Rattus tunneyi once occupied almost all areas of mainland Australia, but is now found only in tall grasslands in northern Australia.[7] The rats were once found as far inland as Alice Springs, but are currently restricted to coastal and sub-coastal regions. This species has become regionally extinct in some areas of its former range, which contracted greatly during the twentieth century.[4] An outlying specimen obtained from South Australia was probably collected at Kangaroo Island, the mainland occurrence in that region is only confirmed from sub-fossil specimens.[6]

The distribution range of the east coast subspecies R. tunneyi culmorum is from Coffs Harbour in New South Wales to Coen in Queensland. To the west of the Gulf of Carpentaria the subspecies R. tunneyi tunneyi is found at coastal regions of the north to the Kimberley region in Western Australia, they also occur at offshore islands in the Pilbara region of that state. The fields of sugar cane found at the eastern coast may host the species, and they are observed at camp-sites or rocky slopes in the Kakadu National Park.[3]

The preference of habitat includes woodlands, dense sedges or grassy under-storey within monsoon forest, and wetter open grasslands.[3] The local environment is usually vegetation surrounding a watercourse, with friable soils that seems to be a requirements. They forage for a variety of plant material, and will dig to expose subsurface foods such as tubers.[4]

Ecology[edit]

A vegetarian that eats grass stems, seeds, tubers and roots, and during the day rests in a shallow burrows dug in loose, crumbly soil. The habitat is within the range of pastoralist leases and with the introduction of cattle local ecology has been degaraded by soil compaction. Feral cats are also known to have placed pressure on the population.[8] This rat is terrestrial, foraging across the soil surface, although a shallow burrow system provides them with shelter during the day.[3]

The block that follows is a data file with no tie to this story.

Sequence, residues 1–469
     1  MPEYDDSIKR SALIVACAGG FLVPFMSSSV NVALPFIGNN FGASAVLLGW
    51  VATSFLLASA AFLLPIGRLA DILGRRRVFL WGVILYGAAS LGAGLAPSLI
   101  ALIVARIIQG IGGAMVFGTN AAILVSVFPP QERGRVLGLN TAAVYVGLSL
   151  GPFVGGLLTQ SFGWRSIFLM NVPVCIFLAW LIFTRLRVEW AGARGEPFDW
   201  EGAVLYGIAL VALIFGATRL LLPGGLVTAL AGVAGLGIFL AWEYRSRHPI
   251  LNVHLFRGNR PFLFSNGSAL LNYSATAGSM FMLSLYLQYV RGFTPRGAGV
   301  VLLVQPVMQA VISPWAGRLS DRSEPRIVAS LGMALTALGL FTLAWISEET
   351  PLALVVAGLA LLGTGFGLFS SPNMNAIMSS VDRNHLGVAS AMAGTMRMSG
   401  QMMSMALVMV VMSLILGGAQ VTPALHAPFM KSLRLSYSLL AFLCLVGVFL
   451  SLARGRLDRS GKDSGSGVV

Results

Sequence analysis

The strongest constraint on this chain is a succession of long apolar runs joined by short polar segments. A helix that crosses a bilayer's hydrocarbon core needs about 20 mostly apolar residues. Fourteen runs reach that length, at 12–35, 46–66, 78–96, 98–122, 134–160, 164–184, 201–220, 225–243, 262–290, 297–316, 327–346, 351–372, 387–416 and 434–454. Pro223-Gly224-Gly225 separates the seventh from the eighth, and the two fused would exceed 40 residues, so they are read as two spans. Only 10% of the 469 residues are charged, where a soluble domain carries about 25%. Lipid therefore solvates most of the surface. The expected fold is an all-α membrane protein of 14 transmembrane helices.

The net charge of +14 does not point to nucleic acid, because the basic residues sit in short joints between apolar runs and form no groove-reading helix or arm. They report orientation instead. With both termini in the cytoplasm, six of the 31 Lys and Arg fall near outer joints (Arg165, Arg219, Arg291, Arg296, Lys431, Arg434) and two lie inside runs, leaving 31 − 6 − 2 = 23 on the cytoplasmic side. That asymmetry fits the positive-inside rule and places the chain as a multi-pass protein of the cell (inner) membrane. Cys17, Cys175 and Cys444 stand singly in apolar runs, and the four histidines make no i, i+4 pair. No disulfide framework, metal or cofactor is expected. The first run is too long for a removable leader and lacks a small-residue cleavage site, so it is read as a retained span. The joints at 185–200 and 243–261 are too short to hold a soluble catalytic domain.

The breeding period of the eastern subspecies is primarily around the austral spring, September to November, the northern most group reproduce during the drier period of the year from March to August.[3]

Rattus tunneyi was identified as a damaging pest species in Queensland, where their feeding at the roots of hoop pine, the species Araucaria cunninghamii, and destroying partially matured trees in plantation crops.[4]

References[edit]

  1. ^ Burbidge, A.A. (2016). "Rattus tunneyi". The IUCN Red List of Threatened Species. IUCN. 2016: e.T19369A115150024. doi:10.2305/IUCN.UK.2016-3.RLTS.T19369A22445352.en. Retrieved 13 December 2017.
  2. ^ a b c d Thomas, O. (1904). "On a collection of mammals made by Mr J.T. Tunney in Arnhem Land, Northern Territory of South Australia". Novitates zoologicae : a journal of zoology in connection with the Tring Museum. 11: 222–229. doi:10.5962/bhl.part.26833.
  3. ^ a b c d e f g Menkhorst, P.W.; Knight, F. (2011). A field guide to the mammals of Australia (3rd ed.). Melbourne: Oxford University Press. p. 208. ISBN 9780195573954.
  4. ^ a b c d e f Baverstock, P.R. (1983). "Pale Field Rat Rattus Tunneyi". In Strahan, R. (ed.). Complete book of Australian mammals. The national photographic index of Australian wildlife (1 ed.). London: Angus & Robertson. p. 451. ISBN 0207144540.
  5. ^ https://www.uniprot.org/uniprot/Q91VB3
  6. ^ a b Musser, G.G.; Carleton, M.D. (2005). "Superfamily Muroidea". In Wilson, D.E.; Reeder, D.M (eds.). Mammal Species of the World: A Taxonomic and Geographic Reference (3rd ed.). Johns Hopkins University Press. pp. 894–1531. ISBN 978-0-8018-8221-0. OCLC 62265494.
  7. ^ Morris, K., Burbidge, A., Aplin, K. and Ellis, M. (2008). Rattus tunneyi. In: IUCN (2008). 2008 IUCN Red List of Threatened Species.
  8. ^ Phillips, Nicky (28 December 2012). "Feral cats' devastating threat to native animals laid bare". The Age.